‘Neutral Tones’ was written when Thomas Hardy (1840-1928) was a young man (in 1867) but not published until 1898, when his first volume of poetry, Wessex Poems, appeared. Much of Hardy’s vast poetic output has not had much critical attention or analysis; there is a sense that many of the poems ‘speak for themselves’, that their meaning is self-evident. But ‘Neutral Tones’, being among his most perennially popular poems, deserves a few words by way of analysis and close reading.
We stood by a pond that winter day,
And the sun was white, as though chidden of God,
And a few leaves lay on the starving sod;
—They had fallen from an ash, and were gray.
Your eyes on me were as eyes that rove
Over tedious riddles of years ago;
And some words played between us to and fro
On which lost the more by our love.
The smile on your mouth was the deadest thing
Alive enough to have strength to die;
And a grin of bitterness swept thereby
Like an ominous bird a-wing …
Since then, keen lessons that love deceives,
And wrings with wrong, have shaped to me
Your face, and the God-curst sun, and a tree,
And a pond edged with grayish leaves.
A quintessential Hardy poem this, in so many ways. It’s a bleak take on love and a relationship gone sour, yet – as the title makes clear – the poem tries to depict the scene in a neutral way, describing things as they were. This neutrality is actually bitterly sardonic: the smile on the woman’s mouth is dead (‘the deadest thing’) yet alive (‘Alive enough’) but only, it seems, in order for it to die (‘to have strength to die’); the woman’s ‘smile’ is also a ‘grin of bitterness’, more a rictus or snarl than a smile of joy. Note also how the word ‘wept’ threatens to come in between ‘bitterness’ and ‘swept’: the woman is ostensibly smiling but, it would seem, almost weeping on the inside. This relationship, we gather, is doomed.
The wordplay is sometimes explicit: such as the pun on ‘ash’ in the first stanza – the ash-tree, but the ‘gray’ of the leaves suggesting the ashes of a burnt-out fire (conjuring up the flames of a love or passion that has now passed). Sometimes it is of a subtler kind, such as the way the individual letters of ‘rove’ at the end of the first line of the second stanza rearrange themselves into the word ‘Over’ at the head of the next line: our eyes rove over the very words of the poem, much as the woman’s eyes searched the man, trying to understand him. We, too, are put in the position of trying to understand the scene, and the relationship between the two figures, the speaker and the addressee. The twisting of ‘wrings’ into ‘wrong’ in the second line of the final stanza is utterly appropriate, not only because the etymology of the word ‘wrong’ is ‘wrung’ or twisted (something you wring, or twist, in your hands, so that it has literally gone wrong) but also because it enacts the idea of wringing out the last vestiges of the relationship between the man and the woman, like a damp cloth being wrung out.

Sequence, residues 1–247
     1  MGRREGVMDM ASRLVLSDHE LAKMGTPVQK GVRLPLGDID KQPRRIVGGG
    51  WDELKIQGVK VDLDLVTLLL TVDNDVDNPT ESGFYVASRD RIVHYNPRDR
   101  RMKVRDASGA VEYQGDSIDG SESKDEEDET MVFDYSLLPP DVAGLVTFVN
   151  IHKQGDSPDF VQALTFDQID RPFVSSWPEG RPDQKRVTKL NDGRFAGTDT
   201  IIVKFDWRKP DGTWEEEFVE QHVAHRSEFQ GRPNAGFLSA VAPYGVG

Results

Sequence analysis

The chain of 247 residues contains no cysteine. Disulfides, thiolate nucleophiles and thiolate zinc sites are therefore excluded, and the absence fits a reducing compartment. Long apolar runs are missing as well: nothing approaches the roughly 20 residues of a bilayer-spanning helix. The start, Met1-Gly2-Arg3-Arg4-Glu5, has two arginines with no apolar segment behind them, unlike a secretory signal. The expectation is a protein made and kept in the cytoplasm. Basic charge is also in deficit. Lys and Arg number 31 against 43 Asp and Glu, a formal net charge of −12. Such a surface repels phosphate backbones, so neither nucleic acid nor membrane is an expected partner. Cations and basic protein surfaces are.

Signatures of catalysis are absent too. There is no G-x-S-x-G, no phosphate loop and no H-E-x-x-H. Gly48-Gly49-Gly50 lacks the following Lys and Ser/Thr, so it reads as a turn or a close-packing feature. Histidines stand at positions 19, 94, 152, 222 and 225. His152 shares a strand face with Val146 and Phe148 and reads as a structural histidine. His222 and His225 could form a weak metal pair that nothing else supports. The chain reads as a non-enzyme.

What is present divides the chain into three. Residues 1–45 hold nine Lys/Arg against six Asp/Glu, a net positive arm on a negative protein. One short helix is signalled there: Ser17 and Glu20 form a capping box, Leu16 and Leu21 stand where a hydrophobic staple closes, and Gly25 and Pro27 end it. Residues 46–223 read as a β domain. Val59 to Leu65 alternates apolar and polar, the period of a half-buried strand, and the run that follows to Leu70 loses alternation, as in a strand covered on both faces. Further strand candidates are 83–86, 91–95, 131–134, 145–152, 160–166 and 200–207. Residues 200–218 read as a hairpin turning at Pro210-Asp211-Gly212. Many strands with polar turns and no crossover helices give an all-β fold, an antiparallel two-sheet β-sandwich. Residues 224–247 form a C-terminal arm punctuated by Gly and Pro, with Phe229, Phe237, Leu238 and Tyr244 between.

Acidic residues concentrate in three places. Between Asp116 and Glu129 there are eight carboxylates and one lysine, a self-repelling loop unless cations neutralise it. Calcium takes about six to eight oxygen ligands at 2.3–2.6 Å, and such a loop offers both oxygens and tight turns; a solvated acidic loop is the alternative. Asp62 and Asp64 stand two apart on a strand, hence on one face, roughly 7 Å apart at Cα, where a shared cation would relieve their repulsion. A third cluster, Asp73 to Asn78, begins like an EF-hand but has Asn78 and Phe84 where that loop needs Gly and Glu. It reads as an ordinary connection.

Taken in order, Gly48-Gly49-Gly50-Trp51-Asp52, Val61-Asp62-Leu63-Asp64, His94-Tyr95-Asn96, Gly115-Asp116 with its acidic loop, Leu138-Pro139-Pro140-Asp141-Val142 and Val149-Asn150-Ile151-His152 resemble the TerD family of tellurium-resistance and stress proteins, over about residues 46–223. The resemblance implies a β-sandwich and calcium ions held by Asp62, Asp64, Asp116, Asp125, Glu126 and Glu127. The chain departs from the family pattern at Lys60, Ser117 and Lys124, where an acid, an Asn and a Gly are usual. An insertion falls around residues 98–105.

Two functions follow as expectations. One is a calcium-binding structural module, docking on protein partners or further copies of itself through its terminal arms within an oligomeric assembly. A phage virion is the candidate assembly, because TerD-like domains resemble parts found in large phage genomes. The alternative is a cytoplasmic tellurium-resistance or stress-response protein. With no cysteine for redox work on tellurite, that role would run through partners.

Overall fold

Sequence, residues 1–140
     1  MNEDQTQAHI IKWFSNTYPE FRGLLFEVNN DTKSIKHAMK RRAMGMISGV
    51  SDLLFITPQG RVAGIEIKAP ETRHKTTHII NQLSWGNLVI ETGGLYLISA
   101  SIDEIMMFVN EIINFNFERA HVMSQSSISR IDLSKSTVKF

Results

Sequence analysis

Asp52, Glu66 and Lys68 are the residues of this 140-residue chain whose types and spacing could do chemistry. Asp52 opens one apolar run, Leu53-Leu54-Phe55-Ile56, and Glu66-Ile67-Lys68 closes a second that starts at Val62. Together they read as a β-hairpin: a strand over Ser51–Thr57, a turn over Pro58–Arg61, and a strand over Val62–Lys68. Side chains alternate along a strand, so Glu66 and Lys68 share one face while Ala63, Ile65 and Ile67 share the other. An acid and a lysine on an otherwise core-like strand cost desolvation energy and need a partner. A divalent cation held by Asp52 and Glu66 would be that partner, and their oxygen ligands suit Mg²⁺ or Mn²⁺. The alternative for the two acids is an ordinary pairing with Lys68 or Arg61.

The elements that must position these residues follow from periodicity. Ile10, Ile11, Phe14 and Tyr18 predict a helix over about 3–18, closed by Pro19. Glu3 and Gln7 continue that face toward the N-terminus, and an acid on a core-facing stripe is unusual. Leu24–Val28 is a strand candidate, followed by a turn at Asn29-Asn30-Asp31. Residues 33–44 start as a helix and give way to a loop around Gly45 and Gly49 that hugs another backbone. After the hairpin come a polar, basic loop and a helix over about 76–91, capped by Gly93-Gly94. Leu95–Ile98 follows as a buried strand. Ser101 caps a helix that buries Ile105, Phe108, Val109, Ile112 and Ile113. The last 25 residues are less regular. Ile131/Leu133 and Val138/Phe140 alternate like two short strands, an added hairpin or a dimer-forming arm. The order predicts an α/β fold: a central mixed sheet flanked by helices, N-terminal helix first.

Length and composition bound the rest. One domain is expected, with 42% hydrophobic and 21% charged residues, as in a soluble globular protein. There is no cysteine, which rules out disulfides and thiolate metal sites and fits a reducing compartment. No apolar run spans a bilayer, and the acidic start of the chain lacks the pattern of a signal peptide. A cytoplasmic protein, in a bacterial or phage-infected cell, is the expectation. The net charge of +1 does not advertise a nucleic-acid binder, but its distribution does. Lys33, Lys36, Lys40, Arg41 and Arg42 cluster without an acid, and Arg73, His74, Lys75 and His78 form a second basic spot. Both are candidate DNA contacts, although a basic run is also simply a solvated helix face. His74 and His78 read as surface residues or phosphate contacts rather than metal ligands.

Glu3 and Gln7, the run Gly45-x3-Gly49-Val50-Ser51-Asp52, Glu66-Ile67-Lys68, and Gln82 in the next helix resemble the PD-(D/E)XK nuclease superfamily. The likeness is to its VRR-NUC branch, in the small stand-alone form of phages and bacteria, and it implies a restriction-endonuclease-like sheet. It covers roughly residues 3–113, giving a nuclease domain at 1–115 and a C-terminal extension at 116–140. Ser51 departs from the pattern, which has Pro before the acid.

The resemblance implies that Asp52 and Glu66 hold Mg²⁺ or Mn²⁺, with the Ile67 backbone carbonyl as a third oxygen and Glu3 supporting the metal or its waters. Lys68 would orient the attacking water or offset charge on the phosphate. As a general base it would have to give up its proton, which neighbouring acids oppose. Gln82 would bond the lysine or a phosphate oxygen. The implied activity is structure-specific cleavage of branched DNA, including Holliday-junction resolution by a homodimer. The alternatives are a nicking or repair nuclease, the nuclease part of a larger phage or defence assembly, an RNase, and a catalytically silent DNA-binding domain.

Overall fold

Behind the poem lurks the idea of a godless universe, something never far away in Thomas Hardy’s poetry (or, indeed, in his novels). See, for instance, Hardy’s ‘The Darkling Thrush’ and our analysis of its bleak view of a world in which hope is always tinged by pessimism, or ‘unhope’. You might also enjoy Hardy’s ‘The Self-Unseeing’. To go in search of more of Hardy’s poetry, we recommendThe Collected Poems of Thomas Hardy (Wordsworth Poetry Library), which is excellent value for money and contains nearly 1,000 pages of Hardy’s poems.
Image: Thomas Hardy by William Strang, 1893, public domain.